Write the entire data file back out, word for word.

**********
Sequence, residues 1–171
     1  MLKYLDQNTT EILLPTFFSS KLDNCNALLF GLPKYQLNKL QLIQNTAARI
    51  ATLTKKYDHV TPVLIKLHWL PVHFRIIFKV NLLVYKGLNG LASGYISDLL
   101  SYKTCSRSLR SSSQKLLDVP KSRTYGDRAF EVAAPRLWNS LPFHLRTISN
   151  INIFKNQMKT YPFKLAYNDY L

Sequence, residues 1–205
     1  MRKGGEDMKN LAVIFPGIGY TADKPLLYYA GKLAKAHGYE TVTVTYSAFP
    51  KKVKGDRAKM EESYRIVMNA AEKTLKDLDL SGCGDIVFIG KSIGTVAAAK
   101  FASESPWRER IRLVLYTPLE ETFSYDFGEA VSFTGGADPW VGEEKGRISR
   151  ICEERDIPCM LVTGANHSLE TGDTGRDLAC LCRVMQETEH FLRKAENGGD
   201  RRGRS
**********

Sequence, residues 1–171
     1  MLKYLDQNTT EILLPTFFSS KLDNCNALLF GLPKYQLNKL QLIQNTAARI
    51  ATLTKKYDHV TPVLIKLHWL PVHFRIIFKV NLLVYKGLNG LASGYISDLL
   101  SYKTCSRSLR SSSQKLLDVP KSRTYGDRAF EVAAPRLWNS LPFHLRTISN
   151  INIFKNQMKT YPFKLAYNDY L

Sequence, residues 1–205
     1  MRKGGEDMKN LAVIFPGIGY TADKPLLYYA GKLAKAHGYE TVTVTYSAFP
    51  KKVKGDRAKM EESYRIVMNA AEKTLKDLDL SGCGDIVFIG KSIGTVAAAK
   101  FASESPWRER IRLVLYTPLE ETFSYDFGEA VSFTGGADPW VGEEKGRISR
   151  ICEERDIPCM LVTGANHSLE TGDTGRDLAC LCRVMQETEH FLRKAENGGD
   201  RRGRS